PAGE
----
It is no exaggeration to say that the situation in Somalia weighed heavy on the 15th meeting from beginning to end. It was brought up in the very first speech to the Assembly, by Egon Klepsch, the President of the European Parliament, who said that the tragedy of Somalia was at the very forefront of his concern. Then it was Erskine Simmons, ACP Co-President of the Joint Assembly, who drew everybody's attention to Somalia, not just because of the civil war and the famine that came in its wake, but because of the attempts which some European firms had made to store toxic waste there. Dacia Valent, an Italian Euro-MP of Somalian origin, urged the Joint Assembly, which is a political institution, to display its political will to put an end to the war in Somalia. The EEC Co-President, Mrs Cassanmagago-Cerretti, took up this theme. Emergency food aid was of course vital, she said, but the important thing was to stop the fighting by sending out an Assembly mission, with the assistance of the Commission, to meet the different protagonists and get them round the negotiating table.
Mr Marville, Barbadian Ambassador to the EEC, first wondered how the Assembly went about helping a member in deadly danger and then criticised the fact that Somalia's indicative programme resources had to be used to finance the 500-strong Belgian UN peace-keeping force when the money would have come in very useful with rehabilitation of the devastated economy afterwards.
Manuel Marin assured the meeting that the Commission would be using every means available to work to find a solution to Somalia's suffering through the UN's 100-day plan. He explained that it could use budget monies to pay for protection for humanitarian convoys and run part of the programme in Kenya, where thousands of Somalis had taken refuge.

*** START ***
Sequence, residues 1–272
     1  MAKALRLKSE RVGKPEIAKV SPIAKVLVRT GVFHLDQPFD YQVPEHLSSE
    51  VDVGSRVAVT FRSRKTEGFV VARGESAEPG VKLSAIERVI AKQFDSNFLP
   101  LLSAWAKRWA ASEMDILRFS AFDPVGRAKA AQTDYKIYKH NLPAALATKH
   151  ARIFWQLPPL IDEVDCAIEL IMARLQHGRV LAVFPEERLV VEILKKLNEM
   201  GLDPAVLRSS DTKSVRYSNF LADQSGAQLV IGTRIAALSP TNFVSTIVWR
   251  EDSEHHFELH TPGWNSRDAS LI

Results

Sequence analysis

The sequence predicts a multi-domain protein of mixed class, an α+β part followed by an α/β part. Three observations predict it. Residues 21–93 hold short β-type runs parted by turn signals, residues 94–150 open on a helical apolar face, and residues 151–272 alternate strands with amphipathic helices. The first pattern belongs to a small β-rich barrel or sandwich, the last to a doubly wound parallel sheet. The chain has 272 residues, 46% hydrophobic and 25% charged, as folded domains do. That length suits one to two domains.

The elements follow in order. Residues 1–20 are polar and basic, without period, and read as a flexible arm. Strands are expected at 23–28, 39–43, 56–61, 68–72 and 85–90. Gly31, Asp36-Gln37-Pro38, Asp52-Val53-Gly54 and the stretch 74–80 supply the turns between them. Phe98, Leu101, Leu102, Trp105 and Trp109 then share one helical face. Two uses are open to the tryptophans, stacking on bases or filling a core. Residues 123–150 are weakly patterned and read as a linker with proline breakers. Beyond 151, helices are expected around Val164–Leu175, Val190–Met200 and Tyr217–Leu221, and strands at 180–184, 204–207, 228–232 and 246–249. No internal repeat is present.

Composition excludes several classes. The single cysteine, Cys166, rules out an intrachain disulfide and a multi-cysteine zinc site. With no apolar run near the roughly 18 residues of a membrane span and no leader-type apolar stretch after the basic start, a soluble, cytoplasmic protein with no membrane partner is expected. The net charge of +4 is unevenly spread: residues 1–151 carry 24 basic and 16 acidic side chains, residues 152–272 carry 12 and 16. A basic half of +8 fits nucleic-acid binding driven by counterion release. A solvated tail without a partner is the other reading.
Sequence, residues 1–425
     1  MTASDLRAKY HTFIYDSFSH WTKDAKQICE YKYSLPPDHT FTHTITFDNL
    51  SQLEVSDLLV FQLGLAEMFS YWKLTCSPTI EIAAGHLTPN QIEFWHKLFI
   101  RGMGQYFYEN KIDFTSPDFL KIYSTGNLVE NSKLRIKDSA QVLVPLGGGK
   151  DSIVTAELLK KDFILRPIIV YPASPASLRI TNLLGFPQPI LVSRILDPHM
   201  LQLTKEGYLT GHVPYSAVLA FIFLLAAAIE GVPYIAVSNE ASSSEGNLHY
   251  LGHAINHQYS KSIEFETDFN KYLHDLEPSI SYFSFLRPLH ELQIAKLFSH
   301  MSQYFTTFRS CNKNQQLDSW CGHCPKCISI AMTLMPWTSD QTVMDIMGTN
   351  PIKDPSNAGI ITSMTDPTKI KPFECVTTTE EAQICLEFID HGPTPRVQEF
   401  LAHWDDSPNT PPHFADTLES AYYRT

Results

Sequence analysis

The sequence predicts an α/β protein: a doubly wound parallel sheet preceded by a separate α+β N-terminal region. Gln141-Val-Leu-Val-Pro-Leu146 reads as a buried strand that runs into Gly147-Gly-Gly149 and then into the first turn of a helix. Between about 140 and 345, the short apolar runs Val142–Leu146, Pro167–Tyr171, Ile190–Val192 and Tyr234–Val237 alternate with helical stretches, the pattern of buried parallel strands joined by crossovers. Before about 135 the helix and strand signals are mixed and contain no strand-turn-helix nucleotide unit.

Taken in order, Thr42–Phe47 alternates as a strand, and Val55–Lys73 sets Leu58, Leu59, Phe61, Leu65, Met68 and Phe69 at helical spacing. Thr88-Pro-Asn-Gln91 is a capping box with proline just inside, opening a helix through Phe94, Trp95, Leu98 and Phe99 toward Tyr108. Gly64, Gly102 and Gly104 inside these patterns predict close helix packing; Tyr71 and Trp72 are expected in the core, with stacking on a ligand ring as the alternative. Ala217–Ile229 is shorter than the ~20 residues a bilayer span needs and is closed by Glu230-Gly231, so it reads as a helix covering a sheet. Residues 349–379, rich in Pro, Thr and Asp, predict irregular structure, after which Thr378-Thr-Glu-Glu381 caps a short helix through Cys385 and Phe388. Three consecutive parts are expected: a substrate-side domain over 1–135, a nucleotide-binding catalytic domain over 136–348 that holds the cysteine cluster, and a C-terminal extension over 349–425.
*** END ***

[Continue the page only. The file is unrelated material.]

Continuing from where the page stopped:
A worldwide approach
The 15th session ended with voting on 30 or so individual resolutions reflecting the Convention partners' concern on a variety of subjects - the situation in southern Africa, in Haiti, in Ethiopia, in Angola, in Zaire and in Mozambique, the price of coffee and of sugar and of cocoa and desertification and famine.
For many, the Luxembourg mting was a turning point. Matters as delicate as corruption, the ACP leaders filling their own pockets, were tackled frankly (in the Pons Grau report), in the belief that these funds should be blocked and arrangements made to hand them back to the democratically elected authorities of the countries in question. There were no longer any taboo subjects in an increasingly 'parliamentary' Joint Assembly and this was clear for all to see. There was not even a protest, or a sign of one, when Barbara Simons asked Ministers and Ambassadors, who have their own places of discussion, to refrain from attending Assembly mtings in future.
Another sign of the times was the fact that, with what is now a more international approach to cooperation, the session was open to other people too. Antoine Bianca, Deputy Secretary-General of the UN, addressed the Assembly, for example, as did Nicolas Bwakira, representing the UN High Commissioner for Refugees, and Emmanuel Gasana, OAU representative to the EEC, and Mr Kato, Japanese Ambassador to Benelux, who described his country's development aid. The Assembly was supposed to have heard an American delegate too, but he was unable to make the trip to Luxembourg.
Will these new trends be confirmed at the next session in Gaborone on 22-26 March?